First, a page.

Recently, a state appellate court issued a written opinion in a New York forged instrument case involving the possession of what turned out to be counterfeit money. The case provided the court with the opportunity to discuss the elements that must be established to convict a defendant for possession of counterfeit currency in New York.
According to the court’s opinion, a police officer observed the defendant in front of a haunted house attraction. The defendant had an unmarked brown paper bag in his hand, and was drinking something from a can or bottle contained in the bag. As the officer approached, the defendant ran. Believing the bag to hold a prohibited alcoholic beverage, the police officer gave chase. Upon catching the defendant, the officer found two bags of crack cocaine and currency in the defendant’s pockets.
The currency was divided into two pockets. In one pocket was a loose wad of bills totaling $148. In the other pocket was a wad of 17 bills bound together by a rubber band. After taking a closer look at the wad of 17 bills, the officer suspected that they were counterfeit, and the defendant later admitted that they were counterfeit.
At trial, the prosecution presented a Secret Service agent as an expert witness. The agent identified the bills as counterfeit, and explained that those in possession of counterfeit bills often keep the counterfeit bills separate from their other currency. The defense objected, but did not provide a basis for the objection. The agent admitted on cross-examination that he had never made “low-level street arrests” for counterfeit currency.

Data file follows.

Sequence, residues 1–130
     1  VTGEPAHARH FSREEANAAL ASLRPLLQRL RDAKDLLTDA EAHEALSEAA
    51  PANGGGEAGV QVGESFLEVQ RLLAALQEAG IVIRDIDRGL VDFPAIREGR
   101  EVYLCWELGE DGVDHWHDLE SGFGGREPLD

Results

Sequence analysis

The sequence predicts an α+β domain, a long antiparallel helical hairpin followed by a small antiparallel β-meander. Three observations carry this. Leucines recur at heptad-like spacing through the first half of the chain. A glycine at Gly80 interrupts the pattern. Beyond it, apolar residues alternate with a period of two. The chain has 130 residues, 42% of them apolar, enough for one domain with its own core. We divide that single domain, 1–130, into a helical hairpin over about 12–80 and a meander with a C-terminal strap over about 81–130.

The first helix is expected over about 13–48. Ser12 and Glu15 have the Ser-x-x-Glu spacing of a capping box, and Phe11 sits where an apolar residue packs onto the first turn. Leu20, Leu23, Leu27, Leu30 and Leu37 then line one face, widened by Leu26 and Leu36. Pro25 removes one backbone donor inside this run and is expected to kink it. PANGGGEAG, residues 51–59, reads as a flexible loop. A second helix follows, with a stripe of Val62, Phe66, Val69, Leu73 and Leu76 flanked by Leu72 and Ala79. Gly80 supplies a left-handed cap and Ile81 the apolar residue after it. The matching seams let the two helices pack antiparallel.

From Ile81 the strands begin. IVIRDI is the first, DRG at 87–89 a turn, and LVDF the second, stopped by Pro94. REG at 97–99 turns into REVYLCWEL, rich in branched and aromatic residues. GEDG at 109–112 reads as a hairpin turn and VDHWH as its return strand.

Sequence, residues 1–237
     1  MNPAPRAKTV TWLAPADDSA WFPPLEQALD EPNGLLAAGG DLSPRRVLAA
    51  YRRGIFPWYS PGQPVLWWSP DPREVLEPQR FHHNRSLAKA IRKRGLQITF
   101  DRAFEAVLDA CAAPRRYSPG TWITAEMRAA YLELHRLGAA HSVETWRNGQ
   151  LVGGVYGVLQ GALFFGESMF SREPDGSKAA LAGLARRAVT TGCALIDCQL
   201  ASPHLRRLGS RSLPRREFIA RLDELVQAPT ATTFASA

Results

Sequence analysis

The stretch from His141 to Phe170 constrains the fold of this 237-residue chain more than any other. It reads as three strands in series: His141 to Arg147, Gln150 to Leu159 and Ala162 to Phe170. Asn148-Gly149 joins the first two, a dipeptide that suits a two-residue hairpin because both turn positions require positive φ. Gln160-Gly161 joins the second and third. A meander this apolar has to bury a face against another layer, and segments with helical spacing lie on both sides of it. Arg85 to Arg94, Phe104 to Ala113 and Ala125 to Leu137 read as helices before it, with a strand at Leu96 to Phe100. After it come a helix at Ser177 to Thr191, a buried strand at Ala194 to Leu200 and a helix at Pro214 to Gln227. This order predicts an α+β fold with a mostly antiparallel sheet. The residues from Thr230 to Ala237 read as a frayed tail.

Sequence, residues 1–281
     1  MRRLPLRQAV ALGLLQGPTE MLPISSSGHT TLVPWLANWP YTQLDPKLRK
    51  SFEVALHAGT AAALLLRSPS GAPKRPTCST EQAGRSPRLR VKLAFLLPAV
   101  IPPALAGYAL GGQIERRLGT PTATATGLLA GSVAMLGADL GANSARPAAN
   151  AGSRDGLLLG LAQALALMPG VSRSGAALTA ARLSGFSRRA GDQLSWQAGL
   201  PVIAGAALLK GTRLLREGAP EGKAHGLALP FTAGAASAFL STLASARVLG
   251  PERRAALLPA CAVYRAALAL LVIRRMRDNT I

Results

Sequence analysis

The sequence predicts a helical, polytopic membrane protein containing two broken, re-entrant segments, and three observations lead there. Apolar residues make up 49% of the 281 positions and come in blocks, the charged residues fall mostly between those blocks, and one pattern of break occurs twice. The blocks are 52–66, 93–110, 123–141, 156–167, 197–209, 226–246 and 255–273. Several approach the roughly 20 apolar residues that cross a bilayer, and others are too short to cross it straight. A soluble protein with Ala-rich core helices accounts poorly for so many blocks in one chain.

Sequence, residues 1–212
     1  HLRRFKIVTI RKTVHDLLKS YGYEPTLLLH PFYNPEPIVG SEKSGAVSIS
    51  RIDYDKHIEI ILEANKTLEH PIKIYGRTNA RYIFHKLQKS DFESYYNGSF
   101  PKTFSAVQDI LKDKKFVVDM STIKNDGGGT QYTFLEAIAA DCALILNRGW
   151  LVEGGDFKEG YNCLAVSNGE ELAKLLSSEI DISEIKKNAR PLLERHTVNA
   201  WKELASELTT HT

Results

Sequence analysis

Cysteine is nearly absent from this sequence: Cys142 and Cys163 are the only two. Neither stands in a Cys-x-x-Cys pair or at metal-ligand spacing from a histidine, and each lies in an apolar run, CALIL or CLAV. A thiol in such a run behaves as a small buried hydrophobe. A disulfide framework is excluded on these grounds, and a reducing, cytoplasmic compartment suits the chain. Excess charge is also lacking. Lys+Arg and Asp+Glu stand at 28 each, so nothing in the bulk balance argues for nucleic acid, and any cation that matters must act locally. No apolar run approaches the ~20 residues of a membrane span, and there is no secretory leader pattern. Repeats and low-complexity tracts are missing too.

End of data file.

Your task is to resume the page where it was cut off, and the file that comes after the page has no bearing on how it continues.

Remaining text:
The court explained that, a defendant is guilty of possession of counterfeit currency “when, with knowledge that it is forged and with intent to defraud, deceive or injure another, he utters or possesses any forged instrument.” The court noted that the mens rea, or intent, element of the crime requires that a defendant have knowledge that the instrument is forged and the intent to defraud another; however, there is no requirement that the defendant attempt to use the currency.
Here, the court found that there was sufficient evidence to find that the defendant intended to defraud by way of the counterfeit bills. The court noted the number of bills, and the fact that they were bound separately from legitimate currency, indicated an intent to defraud. Similarly, the court found that the defendant’s presence in a busy area of Manhattan, where tourists were known to visit, further indicated an intent to defraud. Thus, the court upheld the defendant’s conviction.
Have You Been Arrested for a New York Fraud Crime?
If you have recently been arrested and charged with any New York fraud offense, contact the experienced New York criminal defense lawyers at Tilem & Associates. At Tilem & Associates, we represent clients in all types of serious criminal matters, including fraud, forgery, and other complex financial crimes. Our attorneys are dedicated to the practice of criminal law, and proudly represent clients in state and federal court. To learn more, and to schedule a free consultation with an attorney today, call 877-377-8666 today.